Health Library

Appetite / Taste Changes and Chemotherapy
Treatment for cancer, as well as the cancer itself, can affect your sense of taste or smell. You may find that many foods seem to have less taste. Other foods, especially meat or other high-protein foods, may taste bitter or metallic.
Nutritional Management of Loss of Appetite During Cancer Treatment
Nausea, vomiting, or changes in food’s taste or smell all may contribute to a person's losing his or her appetite. Sometimes, the cancer treatment itself will make you feel like not eating.
Appetite Stimulation
To help stimulate your appetite, eat small meals five to six times a day. Drink juice or milkshakes between meals. Eat in pleasant surroundings in the company of friends or family.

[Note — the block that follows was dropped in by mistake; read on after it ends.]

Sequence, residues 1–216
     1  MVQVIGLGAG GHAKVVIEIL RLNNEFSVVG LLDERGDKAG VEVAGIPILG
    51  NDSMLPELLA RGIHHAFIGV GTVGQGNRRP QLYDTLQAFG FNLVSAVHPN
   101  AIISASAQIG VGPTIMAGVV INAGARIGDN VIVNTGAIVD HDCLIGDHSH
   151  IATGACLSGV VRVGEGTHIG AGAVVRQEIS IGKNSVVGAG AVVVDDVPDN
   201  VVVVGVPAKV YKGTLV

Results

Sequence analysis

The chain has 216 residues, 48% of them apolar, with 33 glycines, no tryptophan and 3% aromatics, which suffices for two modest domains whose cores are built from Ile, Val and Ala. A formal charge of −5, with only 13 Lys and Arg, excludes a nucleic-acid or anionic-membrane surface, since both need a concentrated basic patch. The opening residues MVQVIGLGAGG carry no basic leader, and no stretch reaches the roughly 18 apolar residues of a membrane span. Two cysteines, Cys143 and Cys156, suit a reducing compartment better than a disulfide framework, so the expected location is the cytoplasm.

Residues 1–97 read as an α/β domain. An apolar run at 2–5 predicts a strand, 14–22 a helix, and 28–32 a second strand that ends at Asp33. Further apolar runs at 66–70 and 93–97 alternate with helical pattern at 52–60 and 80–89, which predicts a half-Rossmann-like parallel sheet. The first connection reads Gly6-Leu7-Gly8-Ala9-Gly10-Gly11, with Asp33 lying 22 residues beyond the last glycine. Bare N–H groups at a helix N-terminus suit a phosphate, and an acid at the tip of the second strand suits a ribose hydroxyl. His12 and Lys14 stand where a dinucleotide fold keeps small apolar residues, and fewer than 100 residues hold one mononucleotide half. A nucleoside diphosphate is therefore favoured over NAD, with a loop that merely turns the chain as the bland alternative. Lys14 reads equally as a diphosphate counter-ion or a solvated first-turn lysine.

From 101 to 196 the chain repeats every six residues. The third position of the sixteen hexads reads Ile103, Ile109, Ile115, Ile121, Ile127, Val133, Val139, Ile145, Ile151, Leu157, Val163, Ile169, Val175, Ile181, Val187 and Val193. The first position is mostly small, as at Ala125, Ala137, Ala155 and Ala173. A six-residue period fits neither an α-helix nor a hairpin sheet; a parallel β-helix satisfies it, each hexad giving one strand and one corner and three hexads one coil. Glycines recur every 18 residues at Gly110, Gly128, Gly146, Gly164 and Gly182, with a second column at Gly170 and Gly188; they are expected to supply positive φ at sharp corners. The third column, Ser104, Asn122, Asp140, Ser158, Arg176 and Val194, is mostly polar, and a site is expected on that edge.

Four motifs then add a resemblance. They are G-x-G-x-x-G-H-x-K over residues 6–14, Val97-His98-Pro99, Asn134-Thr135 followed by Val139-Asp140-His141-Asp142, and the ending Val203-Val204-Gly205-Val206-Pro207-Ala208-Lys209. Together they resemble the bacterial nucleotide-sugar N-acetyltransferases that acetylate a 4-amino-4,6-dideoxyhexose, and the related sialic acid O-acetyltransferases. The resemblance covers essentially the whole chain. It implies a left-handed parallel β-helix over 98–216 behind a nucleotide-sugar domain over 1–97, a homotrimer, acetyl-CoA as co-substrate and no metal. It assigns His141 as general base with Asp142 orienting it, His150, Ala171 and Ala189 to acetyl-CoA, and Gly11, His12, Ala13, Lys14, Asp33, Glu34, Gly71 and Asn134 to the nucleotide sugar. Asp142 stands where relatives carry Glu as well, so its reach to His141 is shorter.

Enteral Feeding
Nutritional supplements are available to provide protein, vitamins, and other nutrients your body needs for energy. If you can’t take these supplements by mouth, special tubes can be placed that allow you to receive the necessary nutrients without eating or drinking.
Parenteral Feeding
If you can’t tolerate food by mouth, or your bowel needs to rest, you may be given nutrition by vein. This special nutrition solution can be given into an implanted port, a tunneled catheter, or any other long-term catheter placed in a large vein.
Taste Changes
To help manage changes in taste, avoid foods and odors you find unpleasant. Brush your teeth before and after meals to keep your mouth clean.
Nutritional Management of Taste Alterations During Cancer Treatment
Try these ideas: Serve food chilled rather than hot. Try tart foods, such as oranges or lemonade, which may have more taste. A tart lemon custard might taste good and will also provide needed protein and calories.